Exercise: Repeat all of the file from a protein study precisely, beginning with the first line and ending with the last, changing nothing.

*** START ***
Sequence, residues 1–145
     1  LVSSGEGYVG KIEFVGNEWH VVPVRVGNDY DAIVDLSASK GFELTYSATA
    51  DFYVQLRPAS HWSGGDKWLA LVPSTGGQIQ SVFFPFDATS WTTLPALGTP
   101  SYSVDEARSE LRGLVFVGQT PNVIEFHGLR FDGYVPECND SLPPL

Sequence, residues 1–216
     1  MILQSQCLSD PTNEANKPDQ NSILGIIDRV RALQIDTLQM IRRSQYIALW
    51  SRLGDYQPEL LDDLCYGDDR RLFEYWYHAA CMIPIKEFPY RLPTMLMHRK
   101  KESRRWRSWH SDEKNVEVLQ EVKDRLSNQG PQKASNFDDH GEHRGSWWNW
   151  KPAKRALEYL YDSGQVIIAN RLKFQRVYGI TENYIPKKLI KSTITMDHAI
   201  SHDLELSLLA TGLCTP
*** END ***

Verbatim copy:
Sequence, residues 1–145
     1  LVSSGEGYVG KIEFVGNEWH VVPVRVGNDY DAIVDLSASK GFELTYSATA
    51  DFYVQLRPAS HWSGGDKWLA LVPSTGGQIQ SVFFPFDATS WTTLPALGTP
   101  SYSVDEARSE LRGLVFVGQT PNVIEFHGLR FDGYVPECND SLPPL

Sequence, residues 1–216
     1  MILQSQCLSD PTNEANKPDQ NSILGIIDRV RALQIDTLQM IRRSQYIALW
    51  SRLGDYQPEL LDDLCYGDDR RLFEYWYHAA CMIPIKEFPY RLPTMLMHRK
   101  KESRRWRSWH SDEKNVEVLQ EVKDRLSNQG PQKASNFDDH GEHRGSWWNW
   151  KPAKRALEYL YDSGQVIIAN RLKFQRVYGI TENYIPKKLI KSTITMDHAI
   201  SHDLELSLLA TGLCTP